"I Should Support If/When/How in a Financial Way Instead of Just Talking About It on the Internet."

[Editor’s note: This is part of our Lawyering Then/Lawyering Now fundraising series, so if you’re afraid you’re going to be asked for money after reading this inspiring profile of one of If/When/How’s most committed donors, you are wrong. The link in this editor’s note already goes to our giving page, which means we’ve really already asked you for money. Now you can just enjoy the story.]

Sarah Felts had a “really, really difficult and isolating” first year of law school. She was politically active, a self-described liberal, and even okay with (hesitantly) calling herself a feminist. But something was missing — until she found the University of Missouri’s If/When/How chapter and her first Reproductive Justice 101 training.

“I was hooked,” remembers Felts. “It was a really big contrast between this incredible eye-opening experience that made so much sense, and you’re starting law school where none of this will be talked about.”

Felts had found her people — “people who cared about RJ and were also always the feminist buzzkill in their classes.” Felts even joined her fellow feminist buzzkills at If/When/How’s leadership institute in Washington, D.C. “When I went back to Mizzou and felt alone, I knew it wasn’t the reality that I was really alone.”

“That shaped how I went through school,” says Felts. “It’s shaped internships, shaped friendships, shaped how I interact online and in person, shaped how I advanced in my career.”

Now, Felts is shaping how If/When/How supports students like the one she once was — those who study the law in hopes of changing the world, but feel like their schools don’t necessarily have the radical tools they need. Today, she’s the Statewide Communications Coordinator for Planned Parenthood Advocates in Missouri, and she’s been a monthly donor to If/When/How for over three years.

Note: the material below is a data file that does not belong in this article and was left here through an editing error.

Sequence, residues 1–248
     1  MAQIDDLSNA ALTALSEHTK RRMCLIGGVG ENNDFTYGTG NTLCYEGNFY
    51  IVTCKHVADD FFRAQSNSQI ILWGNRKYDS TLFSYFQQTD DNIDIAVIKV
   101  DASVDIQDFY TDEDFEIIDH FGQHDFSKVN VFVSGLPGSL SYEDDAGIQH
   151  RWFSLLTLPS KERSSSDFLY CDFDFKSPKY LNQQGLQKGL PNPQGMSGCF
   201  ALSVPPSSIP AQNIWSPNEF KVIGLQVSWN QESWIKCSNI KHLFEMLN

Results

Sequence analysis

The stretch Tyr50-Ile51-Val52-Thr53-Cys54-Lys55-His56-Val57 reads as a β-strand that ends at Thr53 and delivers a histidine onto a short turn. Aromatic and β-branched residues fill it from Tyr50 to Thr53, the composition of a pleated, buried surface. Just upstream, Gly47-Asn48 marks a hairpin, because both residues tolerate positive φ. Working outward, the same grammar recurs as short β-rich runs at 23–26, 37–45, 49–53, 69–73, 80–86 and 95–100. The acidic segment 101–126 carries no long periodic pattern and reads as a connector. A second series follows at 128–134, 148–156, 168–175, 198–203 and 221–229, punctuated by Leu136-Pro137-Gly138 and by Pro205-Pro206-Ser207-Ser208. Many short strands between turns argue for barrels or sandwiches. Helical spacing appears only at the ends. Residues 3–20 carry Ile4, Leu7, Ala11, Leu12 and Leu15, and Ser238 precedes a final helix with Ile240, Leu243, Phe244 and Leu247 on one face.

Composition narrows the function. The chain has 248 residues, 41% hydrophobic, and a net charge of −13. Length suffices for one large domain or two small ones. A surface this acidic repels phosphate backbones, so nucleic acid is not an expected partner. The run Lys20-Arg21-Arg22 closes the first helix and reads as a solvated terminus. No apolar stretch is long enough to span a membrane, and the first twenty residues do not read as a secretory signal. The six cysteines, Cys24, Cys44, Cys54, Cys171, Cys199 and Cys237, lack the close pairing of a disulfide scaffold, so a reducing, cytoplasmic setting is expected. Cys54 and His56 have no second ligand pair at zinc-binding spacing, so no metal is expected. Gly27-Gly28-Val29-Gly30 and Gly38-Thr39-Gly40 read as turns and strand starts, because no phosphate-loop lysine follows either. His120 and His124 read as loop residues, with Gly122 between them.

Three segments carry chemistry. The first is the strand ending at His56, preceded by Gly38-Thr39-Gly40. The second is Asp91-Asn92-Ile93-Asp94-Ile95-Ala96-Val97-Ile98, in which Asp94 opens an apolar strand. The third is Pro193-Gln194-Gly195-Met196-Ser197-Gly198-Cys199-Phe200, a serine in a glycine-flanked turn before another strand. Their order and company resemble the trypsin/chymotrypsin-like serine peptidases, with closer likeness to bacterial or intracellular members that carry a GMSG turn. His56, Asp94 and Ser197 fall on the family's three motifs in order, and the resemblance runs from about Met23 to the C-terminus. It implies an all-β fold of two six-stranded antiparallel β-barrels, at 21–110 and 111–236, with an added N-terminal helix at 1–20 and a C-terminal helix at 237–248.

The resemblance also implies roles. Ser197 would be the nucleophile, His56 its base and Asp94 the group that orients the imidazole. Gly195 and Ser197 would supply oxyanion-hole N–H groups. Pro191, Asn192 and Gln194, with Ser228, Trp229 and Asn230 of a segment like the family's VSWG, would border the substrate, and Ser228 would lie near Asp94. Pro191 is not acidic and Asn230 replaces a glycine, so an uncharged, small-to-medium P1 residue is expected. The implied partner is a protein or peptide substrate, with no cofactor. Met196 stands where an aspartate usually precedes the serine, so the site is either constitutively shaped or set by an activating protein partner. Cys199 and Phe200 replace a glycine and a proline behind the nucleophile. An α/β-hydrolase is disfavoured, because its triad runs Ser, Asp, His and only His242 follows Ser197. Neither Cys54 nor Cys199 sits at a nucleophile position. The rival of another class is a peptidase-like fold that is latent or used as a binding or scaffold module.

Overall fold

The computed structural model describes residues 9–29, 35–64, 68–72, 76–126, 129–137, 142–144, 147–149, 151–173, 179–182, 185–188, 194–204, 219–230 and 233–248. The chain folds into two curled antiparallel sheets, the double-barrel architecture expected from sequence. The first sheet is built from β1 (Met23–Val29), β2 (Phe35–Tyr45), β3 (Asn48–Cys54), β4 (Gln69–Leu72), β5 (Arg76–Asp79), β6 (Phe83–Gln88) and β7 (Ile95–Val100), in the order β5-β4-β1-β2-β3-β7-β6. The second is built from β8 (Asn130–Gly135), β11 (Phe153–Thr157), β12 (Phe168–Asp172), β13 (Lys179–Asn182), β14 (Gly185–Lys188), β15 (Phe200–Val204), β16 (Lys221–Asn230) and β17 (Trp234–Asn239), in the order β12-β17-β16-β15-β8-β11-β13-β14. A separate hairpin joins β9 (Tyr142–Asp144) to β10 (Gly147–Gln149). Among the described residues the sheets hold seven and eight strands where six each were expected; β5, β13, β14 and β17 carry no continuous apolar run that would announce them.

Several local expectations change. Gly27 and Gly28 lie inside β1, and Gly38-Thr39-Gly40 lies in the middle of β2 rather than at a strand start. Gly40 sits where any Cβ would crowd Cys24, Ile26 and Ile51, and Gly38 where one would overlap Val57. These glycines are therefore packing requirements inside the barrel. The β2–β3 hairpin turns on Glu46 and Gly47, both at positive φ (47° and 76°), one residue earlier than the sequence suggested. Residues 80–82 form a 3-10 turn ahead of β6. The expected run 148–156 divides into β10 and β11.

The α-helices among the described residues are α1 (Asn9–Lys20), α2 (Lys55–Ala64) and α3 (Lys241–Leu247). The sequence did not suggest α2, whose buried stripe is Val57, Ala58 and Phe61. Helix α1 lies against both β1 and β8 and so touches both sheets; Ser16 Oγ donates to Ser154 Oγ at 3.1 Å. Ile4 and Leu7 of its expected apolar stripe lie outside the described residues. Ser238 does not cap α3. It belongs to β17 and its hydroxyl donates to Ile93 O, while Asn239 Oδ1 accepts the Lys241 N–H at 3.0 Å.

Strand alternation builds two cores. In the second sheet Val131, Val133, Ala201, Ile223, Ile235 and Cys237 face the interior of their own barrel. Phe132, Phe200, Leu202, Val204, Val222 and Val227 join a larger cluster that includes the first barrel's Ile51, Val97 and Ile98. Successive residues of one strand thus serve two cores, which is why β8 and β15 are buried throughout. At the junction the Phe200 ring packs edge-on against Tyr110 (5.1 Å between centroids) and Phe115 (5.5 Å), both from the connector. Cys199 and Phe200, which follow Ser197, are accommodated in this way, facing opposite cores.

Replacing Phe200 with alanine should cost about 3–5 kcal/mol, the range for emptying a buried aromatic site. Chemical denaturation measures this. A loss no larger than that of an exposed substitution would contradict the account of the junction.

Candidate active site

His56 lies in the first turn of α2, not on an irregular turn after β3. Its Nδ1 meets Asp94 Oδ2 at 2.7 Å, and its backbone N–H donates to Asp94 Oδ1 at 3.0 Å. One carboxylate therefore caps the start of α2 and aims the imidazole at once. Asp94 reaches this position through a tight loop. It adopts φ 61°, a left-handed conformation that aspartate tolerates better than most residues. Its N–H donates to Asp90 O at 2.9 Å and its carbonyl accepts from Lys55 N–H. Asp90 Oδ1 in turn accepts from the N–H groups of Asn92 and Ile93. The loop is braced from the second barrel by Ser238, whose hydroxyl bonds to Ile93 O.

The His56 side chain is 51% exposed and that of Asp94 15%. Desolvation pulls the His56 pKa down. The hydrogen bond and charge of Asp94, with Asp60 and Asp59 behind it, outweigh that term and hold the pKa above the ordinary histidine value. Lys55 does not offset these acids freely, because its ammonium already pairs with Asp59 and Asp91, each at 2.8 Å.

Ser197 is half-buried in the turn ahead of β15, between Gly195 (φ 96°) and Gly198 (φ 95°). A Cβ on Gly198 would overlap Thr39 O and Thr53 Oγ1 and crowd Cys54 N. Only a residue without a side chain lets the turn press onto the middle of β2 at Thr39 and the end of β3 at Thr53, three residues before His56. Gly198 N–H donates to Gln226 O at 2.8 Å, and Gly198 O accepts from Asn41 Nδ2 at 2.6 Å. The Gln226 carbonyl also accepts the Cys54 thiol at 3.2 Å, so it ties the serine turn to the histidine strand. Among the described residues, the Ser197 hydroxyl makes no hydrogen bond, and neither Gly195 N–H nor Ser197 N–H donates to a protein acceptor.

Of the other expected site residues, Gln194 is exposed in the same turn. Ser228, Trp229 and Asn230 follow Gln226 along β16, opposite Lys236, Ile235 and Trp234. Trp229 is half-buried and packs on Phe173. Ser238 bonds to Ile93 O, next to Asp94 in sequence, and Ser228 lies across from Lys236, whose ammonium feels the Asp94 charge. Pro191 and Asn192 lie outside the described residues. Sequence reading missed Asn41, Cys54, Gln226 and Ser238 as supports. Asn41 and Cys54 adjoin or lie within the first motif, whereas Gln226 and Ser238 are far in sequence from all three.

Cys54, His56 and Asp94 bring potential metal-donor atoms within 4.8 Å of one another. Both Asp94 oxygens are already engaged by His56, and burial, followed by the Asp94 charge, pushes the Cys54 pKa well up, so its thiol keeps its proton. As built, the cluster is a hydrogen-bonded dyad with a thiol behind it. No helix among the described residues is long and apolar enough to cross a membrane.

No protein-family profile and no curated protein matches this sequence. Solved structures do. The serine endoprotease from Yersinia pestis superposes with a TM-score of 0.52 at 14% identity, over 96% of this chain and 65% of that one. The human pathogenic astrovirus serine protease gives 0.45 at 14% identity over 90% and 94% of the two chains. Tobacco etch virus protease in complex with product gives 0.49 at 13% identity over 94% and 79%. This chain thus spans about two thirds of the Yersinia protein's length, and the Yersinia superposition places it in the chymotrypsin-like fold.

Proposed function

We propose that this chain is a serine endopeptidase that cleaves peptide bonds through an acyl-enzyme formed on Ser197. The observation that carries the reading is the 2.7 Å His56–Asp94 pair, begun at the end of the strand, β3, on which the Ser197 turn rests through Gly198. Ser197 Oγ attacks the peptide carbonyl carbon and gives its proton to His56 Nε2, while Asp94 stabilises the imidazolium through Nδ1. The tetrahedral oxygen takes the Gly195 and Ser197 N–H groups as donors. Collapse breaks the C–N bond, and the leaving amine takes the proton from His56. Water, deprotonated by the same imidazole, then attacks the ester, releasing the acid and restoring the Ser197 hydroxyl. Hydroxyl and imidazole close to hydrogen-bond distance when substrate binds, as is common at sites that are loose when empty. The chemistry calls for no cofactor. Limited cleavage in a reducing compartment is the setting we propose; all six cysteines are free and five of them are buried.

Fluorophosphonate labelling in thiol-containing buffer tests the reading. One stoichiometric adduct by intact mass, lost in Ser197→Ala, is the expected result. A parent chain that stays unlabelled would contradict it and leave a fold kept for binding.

“In 2015, I finally was like, ‘I have an income. I should start giving back instead of just saying that I appreciate this organization,'” she says. “I should support [If/When/How] in a financial way instead of just talking about it on the internet.”

Felts quips that she’s a licensed attorney, “but I don’t practice, which is my favorite way to be a lawyer.” Today, she keeps an eye on the Missouri legislature for Planned Parenthood, helps patients tell their stories and, when they’re in “electoral mode,” develops messaging for campaigns and voter outreach efforts. The issues she works on in her everyday life track with those intersectional values she developed back in law school: Reducing Missouri’s maternal mortality rate by improving care for black moms and babies, challenging parental notification laws that keep minors from accessing abortion care, and expanding Medicaid access for new mothers.

As a lifelong Missourian, Felts says she’s committed to her “dream job,” keeping the fight going in a state that’s not nearly as red as its gerrymandered districts make it seem.

“I feel proud to be working here. This is where the fight is. I’m really excited to be playing a role in that.”

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